“… the first step toward being a writer is to hitch your unconscious mind to your writing arm.” Dorothea Brande
First, please allow me to explain what morning pages are. In a nutshell, it’s a form of premeditated self-torture — of a sophisticated kind, mind you — for refined individuals like you and me. That is if you look at it from a psychological point of view, because the scribbling of morning pages occurs, as the name suggests, in the morning, first thing after you get out of bed. You wake up 15 -30 minutes earlier than your normal routine (in my case it happens to be 5 am), drag yourself to your kitchen table or your desk, whichever is nearest, and scribble away for 15 minutes while still half asleep. From a technical point of view, it’s free-writing at its finest – as free of inhibition (and sometimes intelligent thought), as a nudist is free of clothes on a nudist beach.
Why not call it journaling then, you might ask. Because there is one significant difference between morning pages and a journal. With the journal, there is no limitation as to when you can write in it. The morning pages, however, must be done in a zombie-like limbo state, before your waking mind hijacks your full attention, and your inner critic starts punching you in the face and kicking you in the butt. Your main objective in this pre-dawn ordeal is to keep your hand moving across the page for a set period of time, writing anything that is not complete nonsense.
Like in free-writing, you write whatever comes to mind, as fast as you can, without giving it too much thought, and you, or your inner critic, are not allowed to correct. That’s why my MPs look like notes of a mental patient. I don’t know about other morning scribblers, but I am never able to decipher what I’ve written afterward. And that works just fine, because you are not supposed to read what you’ve written anyway, at least for several days. But even after several days, I am not inclined to read my MPs, lest I lose heart and claim those extra minutes of sleep. All I read is usually the title of the previous page. Today it happens to be “Day 59.” Tomorrow, the title will be “Day 60.” No need for dates or re-reads. It’s all about the journey, not the destination. Perhaps, that’s the best way for me to keep my overactive critical faculty at bay, at least for a short while.
Another rule with MPs that will make you scream is regularity, meaning you are supposed to write your MPs every day seven days a week. I break this rule every once in a while. So what? Do I look like a superwoman to you? I didn’t think so. But writing MPs for 59 days, almost straight, is an accomplishment I am proud of.
By now you must be pretty intrigued. You must also be thinking I am obsessive-compulsive or downright crazy, otherwise WHY on earth would I do it? Well, crazy can’t even begin to describe it. My psychiatrist said… Gotcha! 🙂 Actually, contrary to common sense, writing MPs helps me maintain emotional balance. It is also partially responsible for this blog and my creative writing pursuit. My morning page challenge convinced me that MPs are a powerful inspiration machine, a perpetuum mobile of creativity. Try it and see it for yourself. The trick is to stay with the challenge for more than 35 days straight, 40 to be sure. It may vary for different folks though. Some say it takes 21-28 days to form a new habit, while others say the magic number is 66. I say 40 days, because this is when I began to feel the effect. Before the MP challenge, I would sit at my desk, staring at a blank page and asking myself,”What should I write about?” Now, my question is “What should I write about first?” Before, I couldn’t drag myself to my computer to write and would come up with all kinds of excuses, like the need to do the dishes right this moment, or walk the dogs, or make dinner. Now I have to curb the time I spend writing, because dishes need to be done, the dogs walked, and dinner made.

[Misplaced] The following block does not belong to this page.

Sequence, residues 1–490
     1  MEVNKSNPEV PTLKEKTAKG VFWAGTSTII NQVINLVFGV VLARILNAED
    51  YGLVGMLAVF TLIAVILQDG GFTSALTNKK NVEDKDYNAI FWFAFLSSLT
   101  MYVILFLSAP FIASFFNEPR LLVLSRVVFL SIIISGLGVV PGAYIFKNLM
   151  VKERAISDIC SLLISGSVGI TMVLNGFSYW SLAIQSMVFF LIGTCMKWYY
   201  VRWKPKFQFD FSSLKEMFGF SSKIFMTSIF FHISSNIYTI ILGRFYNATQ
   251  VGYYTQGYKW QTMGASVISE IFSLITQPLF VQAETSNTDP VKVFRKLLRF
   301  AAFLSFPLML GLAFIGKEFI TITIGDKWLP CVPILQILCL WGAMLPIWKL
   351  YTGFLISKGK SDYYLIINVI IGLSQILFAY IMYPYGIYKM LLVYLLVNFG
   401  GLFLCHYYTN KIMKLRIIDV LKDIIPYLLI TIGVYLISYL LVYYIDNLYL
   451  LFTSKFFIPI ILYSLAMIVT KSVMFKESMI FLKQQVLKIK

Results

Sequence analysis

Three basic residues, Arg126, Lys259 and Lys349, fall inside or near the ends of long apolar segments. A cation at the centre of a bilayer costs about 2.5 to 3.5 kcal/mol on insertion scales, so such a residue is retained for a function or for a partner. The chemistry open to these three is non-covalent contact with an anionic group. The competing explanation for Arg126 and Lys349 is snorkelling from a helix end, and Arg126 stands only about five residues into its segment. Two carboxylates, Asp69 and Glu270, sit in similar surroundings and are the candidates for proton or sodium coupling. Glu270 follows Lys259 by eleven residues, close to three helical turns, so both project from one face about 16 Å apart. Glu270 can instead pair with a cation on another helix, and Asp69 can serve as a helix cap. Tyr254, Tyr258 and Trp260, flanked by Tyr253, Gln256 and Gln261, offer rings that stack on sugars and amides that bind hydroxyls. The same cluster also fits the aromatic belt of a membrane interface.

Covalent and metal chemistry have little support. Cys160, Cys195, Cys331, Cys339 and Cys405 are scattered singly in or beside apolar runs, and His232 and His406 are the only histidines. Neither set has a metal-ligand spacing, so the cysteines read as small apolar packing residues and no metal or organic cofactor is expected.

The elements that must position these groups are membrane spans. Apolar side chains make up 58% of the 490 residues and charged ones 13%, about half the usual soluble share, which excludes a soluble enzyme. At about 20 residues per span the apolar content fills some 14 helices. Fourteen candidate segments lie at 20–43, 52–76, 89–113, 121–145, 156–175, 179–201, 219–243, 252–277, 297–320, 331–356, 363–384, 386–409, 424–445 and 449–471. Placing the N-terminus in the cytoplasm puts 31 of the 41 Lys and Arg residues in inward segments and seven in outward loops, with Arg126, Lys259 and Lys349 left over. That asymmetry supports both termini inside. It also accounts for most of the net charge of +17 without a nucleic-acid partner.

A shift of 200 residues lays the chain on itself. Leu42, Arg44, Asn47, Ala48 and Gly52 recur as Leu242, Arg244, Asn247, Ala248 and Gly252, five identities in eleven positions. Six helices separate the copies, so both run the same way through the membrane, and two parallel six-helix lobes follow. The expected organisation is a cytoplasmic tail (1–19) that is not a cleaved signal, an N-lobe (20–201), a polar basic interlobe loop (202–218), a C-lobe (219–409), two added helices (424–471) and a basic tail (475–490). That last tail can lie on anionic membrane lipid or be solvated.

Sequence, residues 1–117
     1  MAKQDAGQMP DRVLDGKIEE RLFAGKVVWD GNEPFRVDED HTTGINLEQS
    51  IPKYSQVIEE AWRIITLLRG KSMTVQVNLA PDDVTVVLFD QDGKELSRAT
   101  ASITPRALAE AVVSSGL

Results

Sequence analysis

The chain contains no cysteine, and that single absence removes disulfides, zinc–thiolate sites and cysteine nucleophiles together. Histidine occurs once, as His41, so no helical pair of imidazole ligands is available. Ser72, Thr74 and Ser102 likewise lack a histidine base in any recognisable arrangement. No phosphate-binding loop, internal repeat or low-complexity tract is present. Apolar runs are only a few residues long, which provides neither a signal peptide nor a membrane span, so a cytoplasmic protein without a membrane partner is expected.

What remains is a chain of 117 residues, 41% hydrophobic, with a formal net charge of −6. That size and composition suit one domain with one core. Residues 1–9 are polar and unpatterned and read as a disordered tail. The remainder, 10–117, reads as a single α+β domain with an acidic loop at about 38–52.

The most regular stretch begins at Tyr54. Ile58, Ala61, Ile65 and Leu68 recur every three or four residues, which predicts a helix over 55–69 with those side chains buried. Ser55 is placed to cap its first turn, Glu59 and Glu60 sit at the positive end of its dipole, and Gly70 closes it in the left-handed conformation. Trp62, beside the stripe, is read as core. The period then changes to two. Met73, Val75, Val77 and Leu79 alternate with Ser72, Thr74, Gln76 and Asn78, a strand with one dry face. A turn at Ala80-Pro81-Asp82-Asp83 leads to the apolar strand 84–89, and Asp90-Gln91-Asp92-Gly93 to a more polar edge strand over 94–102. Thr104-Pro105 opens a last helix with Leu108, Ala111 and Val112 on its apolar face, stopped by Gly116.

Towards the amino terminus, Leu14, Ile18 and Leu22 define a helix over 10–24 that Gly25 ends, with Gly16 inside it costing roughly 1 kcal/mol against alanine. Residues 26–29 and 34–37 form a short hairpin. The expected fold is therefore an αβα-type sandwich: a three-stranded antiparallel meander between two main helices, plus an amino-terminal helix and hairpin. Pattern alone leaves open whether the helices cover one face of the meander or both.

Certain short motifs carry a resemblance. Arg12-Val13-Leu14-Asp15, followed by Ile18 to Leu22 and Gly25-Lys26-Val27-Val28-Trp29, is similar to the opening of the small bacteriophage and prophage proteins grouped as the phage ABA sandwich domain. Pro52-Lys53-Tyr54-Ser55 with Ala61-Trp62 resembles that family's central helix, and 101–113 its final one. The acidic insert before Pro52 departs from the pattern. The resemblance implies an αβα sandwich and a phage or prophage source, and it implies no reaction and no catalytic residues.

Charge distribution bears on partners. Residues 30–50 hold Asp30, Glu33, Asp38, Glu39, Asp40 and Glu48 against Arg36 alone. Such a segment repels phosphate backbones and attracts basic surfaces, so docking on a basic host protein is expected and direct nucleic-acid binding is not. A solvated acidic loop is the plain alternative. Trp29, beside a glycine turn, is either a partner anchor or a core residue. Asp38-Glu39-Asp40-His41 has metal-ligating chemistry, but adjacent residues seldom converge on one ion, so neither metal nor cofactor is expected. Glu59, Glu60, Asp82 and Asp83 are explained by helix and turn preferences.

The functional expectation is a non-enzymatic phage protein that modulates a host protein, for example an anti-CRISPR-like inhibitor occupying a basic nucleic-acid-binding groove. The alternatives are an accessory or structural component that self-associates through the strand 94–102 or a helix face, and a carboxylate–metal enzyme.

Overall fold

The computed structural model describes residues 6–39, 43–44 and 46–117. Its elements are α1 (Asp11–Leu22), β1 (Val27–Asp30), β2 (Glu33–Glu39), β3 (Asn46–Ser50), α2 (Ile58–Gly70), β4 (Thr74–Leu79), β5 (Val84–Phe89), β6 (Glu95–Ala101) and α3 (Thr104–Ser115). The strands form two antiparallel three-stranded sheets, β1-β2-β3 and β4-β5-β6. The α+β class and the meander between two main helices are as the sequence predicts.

Of course, writing MPs alone won’t make you a new Chekhov or Proust. Not right away. But it will help you establish a habit that you will be thankful for for the rest of your life as a writer, artist, and a creative person.
Just to make one thing clear before I wrap it up. As you might rightfully suspect, I didn’t come up with the idea of morning pages myself, and I resisted it for quite some time. I made three attempts at it over several years, but each time I would quit after seven days of writing MPs. I’ve learned from my mistakes and finally found the format that works for me: I do it in longhand, there are no computers involved, because when I use a computer I tend to re-read and correct what I’ve written. I also write no more than 15 minutes on weekdays, because I don’t want to be late for work, and a little longer on weekends.
Three books that gave me this wonderful crazy idea:
The Artist’s Way by Julia Cameron
Becoming a Writer by Dorothea Brande
Exploring the World of Lucid Dreaming by Stephen LaBerge
And if you are a morning scribbler yourself, I would love to hear about your experience.
- Free-writing? (noprideplease.wordpress.com)
- Adventures in Creative Writing (reflectionsinapuddle.wordpress.com)
- Free Write Friday; A Book Titled You (magicinthebackyard.wordpress.com)
- morning pages (photographytales.wordpress.com)
- Inspiration On Command (scents-of-magic.com)
- Beginner’s Guide to Taming Writer’s Block (reflectionsinapuddle.wordpress.com)
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